REPRINTS


54 Years at Carter Chevrolet
By Tom Duff

When I started working, it didn't seem as though I'd work at Carter Chevrolet for 54 years! I had worked at Sears & Roebuck when I was in high school, and it was a good company. They had a good profit-sharing plan, too, and kept me on the plan when I went into the Air Force during the Korean Conflict. I served as a Sergeant, with 67 men reporting to me.

When I got back home, I continued to work part time at Sears, and from 3 p.m. to 11 p.m. at Sun Oil, also known as Sunoco, on Riverside Drive in East Hartford, where the tank farm used to be. In 1952, I took the opportunity to enter the Sun Oil training program to become an on-the-road salesman. This was in their building on Connecticut Boulevard in East Hartford. I was also working at Podrove's Market, a self-service grocery store in Downtown Manchester, where I stocked shelves from 8 a.m. to 1 p.m.

Unfortunately, Sun Oil informed me that they wouldn't be putting a salesman on the road for another year, and I needed a full-time job, as I was planning to get married.

Just as I found out about the delay in getting a full-time Sun Oil job, lo and behold, in walked Vin Boggini, Sales Manager at Carter Chevrolet. He was wondering if I would be interested in coming to work at Carter's as a truck salesman. Vin Boggini evidently felt that I could sell cars! I was hired and started as a salesman at Carter Chevrolet on April 6, 1953. The next month I got married to Elaine Grady, and we have been married for 58 years. [Note, Carter Chevrolet moved to the south end of Downtown Main Street in about 1955; it was formerly at 195 Center, on the north side between Knox St. and Rosemary Place. -- Susan Barlow, editor.]

My job was contacting local businesses, etc. The job opened when Linc Carter, their truck salesman, passed away.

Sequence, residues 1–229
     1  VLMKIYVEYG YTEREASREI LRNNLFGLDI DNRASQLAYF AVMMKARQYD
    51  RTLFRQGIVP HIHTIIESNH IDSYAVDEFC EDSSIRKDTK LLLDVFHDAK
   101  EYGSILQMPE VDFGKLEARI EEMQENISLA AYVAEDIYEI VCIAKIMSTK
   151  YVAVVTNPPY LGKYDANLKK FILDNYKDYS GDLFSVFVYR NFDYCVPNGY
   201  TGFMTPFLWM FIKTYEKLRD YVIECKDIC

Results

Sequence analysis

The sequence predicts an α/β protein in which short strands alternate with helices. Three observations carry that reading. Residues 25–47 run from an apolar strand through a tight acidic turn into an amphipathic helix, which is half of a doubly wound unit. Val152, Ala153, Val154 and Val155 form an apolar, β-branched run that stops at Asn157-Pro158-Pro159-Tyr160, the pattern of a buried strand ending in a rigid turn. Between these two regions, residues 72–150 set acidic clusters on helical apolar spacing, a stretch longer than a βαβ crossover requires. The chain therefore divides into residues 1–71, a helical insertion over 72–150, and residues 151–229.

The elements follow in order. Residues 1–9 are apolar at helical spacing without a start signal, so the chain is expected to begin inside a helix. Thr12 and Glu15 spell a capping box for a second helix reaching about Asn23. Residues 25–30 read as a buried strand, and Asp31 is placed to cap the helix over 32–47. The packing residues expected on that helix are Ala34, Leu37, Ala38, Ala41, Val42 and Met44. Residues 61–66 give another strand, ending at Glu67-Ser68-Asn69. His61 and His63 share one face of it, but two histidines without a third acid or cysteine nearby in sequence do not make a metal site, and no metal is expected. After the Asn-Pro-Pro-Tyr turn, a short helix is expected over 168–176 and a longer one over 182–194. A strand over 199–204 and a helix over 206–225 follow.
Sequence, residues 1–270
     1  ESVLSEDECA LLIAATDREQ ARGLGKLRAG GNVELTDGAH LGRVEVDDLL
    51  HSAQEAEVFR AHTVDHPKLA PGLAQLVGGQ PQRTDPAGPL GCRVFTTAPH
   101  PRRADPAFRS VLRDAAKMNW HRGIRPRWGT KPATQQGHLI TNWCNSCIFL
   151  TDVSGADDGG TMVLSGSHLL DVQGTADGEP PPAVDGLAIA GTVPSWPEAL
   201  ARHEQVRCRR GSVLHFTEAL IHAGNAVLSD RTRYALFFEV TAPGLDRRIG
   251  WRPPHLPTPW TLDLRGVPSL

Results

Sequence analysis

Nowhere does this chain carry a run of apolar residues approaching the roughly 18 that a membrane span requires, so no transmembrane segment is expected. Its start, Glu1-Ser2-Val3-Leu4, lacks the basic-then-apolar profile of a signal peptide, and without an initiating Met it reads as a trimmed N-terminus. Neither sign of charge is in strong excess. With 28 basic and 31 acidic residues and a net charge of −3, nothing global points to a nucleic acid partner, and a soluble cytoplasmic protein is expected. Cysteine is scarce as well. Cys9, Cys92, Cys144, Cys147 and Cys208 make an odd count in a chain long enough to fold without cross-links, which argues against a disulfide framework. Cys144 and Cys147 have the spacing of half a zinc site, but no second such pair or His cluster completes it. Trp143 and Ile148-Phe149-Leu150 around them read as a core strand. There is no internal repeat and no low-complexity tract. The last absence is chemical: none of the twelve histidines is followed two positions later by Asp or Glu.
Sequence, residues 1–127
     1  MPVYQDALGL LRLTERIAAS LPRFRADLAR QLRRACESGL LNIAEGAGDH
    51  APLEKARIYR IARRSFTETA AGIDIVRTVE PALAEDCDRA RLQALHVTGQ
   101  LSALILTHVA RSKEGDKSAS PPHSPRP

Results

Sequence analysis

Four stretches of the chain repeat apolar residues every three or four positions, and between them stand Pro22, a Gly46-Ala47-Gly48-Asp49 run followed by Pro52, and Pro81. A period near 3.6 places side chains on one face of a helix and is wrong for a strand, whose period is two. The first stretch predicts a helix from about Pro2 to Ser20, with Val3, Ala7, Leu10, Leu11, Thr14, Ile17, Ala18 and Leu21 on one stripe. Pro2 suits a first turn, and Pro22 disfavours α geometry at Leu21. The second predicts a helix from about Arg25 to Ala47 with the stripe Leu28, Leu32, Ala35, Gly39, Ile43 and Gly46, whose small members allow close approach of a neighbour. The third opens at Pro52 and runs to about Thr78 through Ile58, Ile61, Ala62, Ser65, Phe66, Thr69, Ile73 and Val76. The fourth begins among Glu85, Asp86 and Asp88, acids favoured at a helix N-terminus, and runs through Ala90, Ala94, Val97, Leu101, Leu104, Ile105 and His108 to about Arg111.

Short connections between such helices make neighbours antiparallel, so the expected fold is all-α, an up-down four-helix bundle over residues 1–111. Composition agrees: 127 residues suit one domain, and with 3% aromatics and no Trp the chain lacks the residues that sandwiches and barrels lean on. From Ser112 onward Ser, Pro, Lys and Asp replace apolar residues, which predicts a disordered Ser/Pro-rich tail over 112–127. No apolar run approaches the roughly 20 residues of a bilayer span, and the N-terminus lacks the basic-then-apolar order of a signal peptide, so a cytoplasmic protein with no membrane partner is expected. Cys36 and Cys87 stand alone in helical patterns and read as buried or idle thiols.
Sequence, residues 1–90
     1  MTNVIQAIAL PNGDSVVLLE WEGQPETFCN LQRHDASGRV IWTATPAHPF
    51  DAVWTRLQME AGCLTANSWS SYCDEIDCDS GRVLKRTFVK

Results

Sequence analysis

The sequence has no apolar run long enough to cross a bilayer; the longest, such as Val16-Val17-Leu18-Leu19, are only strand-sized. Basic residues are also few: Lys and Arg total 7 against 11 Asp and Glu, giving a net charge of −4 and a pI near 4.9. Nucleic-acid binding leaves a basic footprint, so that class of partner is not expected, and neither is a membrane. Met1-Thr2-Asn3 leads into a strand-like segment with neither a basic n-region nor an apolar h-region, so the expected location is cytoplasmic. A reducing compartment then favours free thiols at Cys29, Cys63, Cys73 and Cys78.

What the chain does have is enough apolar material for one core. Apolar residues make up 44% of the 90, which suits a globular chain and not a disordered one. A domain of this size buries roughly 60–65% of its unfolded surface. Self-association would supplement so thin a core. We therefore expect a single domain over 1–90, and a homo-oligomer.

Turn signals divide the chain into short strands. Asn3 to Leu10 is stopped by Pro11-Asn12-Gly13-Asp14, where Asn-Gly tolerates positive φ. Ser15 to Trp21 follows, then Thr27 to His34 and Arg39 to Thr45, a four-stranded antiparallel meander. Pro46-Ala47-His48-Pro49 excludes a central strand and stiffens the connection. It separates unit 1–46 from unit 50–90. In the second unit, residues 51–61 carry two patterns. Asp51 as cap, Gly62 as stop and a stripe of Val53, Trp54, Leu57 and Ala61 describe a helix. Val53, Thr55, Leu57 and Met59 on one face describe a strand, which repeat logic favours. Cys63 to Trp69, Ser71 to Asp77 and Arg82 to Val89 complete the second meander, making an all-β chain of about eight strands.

Walter Carter, Sr., owned the dealership at that time. He was great! He was the type of person who'd say, "Hey, Tom, let's go get a cup of coffee. And you're buying!" He'd whistle a tune as he walked around the dealership, so that he wouldn't embarrass anyone who might be goofing off. He said hello to every single person every morning, whether in the showroom or the shop.

His son, Walt Carter, Jr., who used to be an engineer at Pratt & Whitney, started at Carter Chevrolet about six months before I did. Today, his son, Steve Carter, is in charge.

Even before I started working at Carter, I had personally bought Chevrolets there – a 1950, a 1951, and a 1952, and had sold them at the end of each year. For example, I paid about $950 for the 1950 Chevrolet and sold it the next year for $800 to Wilber T. Little, who lived over on Spencer Street. He was a farmer and landowner.

I continued selling for nine years. I received the Chevrolet Motor Division's Legion of Leaders Achievement Award (the Hundred Car Club) for each of those nine years. During these years, the new car models were introduced at a show, and it was always a big event. We used to have to hide the new cars, building up excitement for the show, which included banners and unveiling the cars. Huge crowds would come out to see them.

In 1962 I was promoted to Used Car Manager, with five salesmen reporting to me. My job at this time was appraising, closing sales, and buying and selling used cars at various New England car auctions.